While an engineering mindset is a valuable tool most of the time, there are some situations where it just seems to be a bad fit. Solving problems within the family unit would seem to be one such area, but then again, this self-rocking mechatronic crib seems to be just the cure for sleepytime woes.
From the look of [Peter]’s creation, this has less of a rocking motion and more of a gentle back-and-forth swaying. Its purpose is plainly evident to anyone who has ever had to rock a child to sleep: putting a little gentle motion into the mix can help settle down a restless infant pretty quickly. Keeping the right rhythm can be a problem, though, as can endurance when a particularly truculent toddler is fighting the urge to sleep. [Peter]’s solution is a frame of aluminum extrusion with some nice linear bearings oriented across the short axis of the crib, which sits atop the whole thing.
A recirculating ball lead screw — nothing but the best for [Junior] — and a stepper drive the crib back and forth. [Peter] took care to mechanically isolate the drivetrain from the bed, and with the selection of the drive electronics and power supply, to make sure that noise would be minimal. Although thinking about it, we’ve been lulled to sleep by the whining steppers of our 3D printer more than once. Or perhaps it was the fumes.
Hats off to [Peter] for a setup that’s sure to win back a little of the new parent’s most precious and elusive commodity: sleep.
For his niece’s second birthday, [Stefan] wondered what a toddler would enjoy the most? As it turns out, a box packed with lights, dials and other gadgets to engage and entertain.
For little Alma’s enjoyment, three potentionmeters control a central LED, a row of buttons toggle a paired row of more lights, a rotary encoder to scroll the light pattern of said row left and right, and some sockets to plug a cable into for further lighting effects. Quite a lot to handle, so [Stefan] whipped up a prototype using an Arduino — although he went with an ATmega 328 for the final project — building each part of the project on separate boards and connected with ribbon cables to make any future modifications easier.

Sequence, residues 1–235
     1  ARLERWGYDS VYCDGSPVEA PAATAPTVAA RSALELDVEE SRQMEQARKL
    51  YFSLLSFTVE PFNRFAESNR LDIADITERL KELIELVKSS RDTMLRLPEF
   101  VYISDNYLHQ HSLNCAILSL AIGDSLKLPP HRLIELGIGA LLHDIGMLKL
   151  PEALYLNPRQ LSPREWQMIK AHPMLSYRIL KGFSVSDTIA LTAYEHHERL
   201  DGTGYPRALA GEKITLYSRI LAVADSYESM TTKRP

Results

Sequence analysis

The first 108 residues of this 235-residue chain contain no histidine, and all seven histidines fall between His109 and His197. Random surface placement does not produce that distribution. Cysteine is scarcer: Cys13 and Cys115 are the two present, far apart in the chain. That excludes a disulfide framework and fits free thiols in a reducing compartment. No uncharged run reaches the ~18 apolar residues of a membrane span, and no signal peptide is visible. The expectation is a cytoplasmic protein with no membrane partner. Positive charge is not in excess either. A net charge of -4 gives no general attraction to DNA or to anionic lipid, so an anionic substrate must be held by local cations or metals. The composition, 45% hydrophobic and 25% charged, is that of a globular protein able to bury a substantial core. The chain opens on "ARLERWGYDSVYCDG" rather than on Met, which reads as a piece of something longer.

[Stefan] attempted to integrate a battery — keeping the Lichtspiel untethered for ease of use — and including a standby feature to preserve battery life. A power bank seemed like a good option to meet the LED’s needed 5V, but whenever the Lichtspiel switched to standby, the power bank would shut off entirely — necessitating the removal of the front plate to disconnect and reconnect the battery every time. The simpler solution was to scrap the idea entirely and use the charging port as a power port instead — much to the delight of his niece who apparently loves plugging it in.
Continue reading “The Lichtspiel: Not A Simple Child’s Toy.”
Exoskeletons are demonstrably awesome, allowing humans to accomplish feats of strength beyond their normal capacity. The future is bright for the technology — not just for industrial and military applications, but especially in therapy and rehabilitation. Normally, one thinks of adults who have lost function in their limbs, but in the case of this exoskeleton, developed by The Spanish National Research Council (CSIC), children with spinal muscular atrophy are given a chance to lead an active life.
Designing prosthetics for children can be difficult since they are constantly growing, and CSIC’s is designed to be telescopic to accommodate patients between the ages 3-14. Five motors in each leg adapt to the individual symptoms of the patient through sensors which detect the child’s intent to move and simulates what would be their natural walking gait.
Continue reading “Exoskeleton Designed For Children”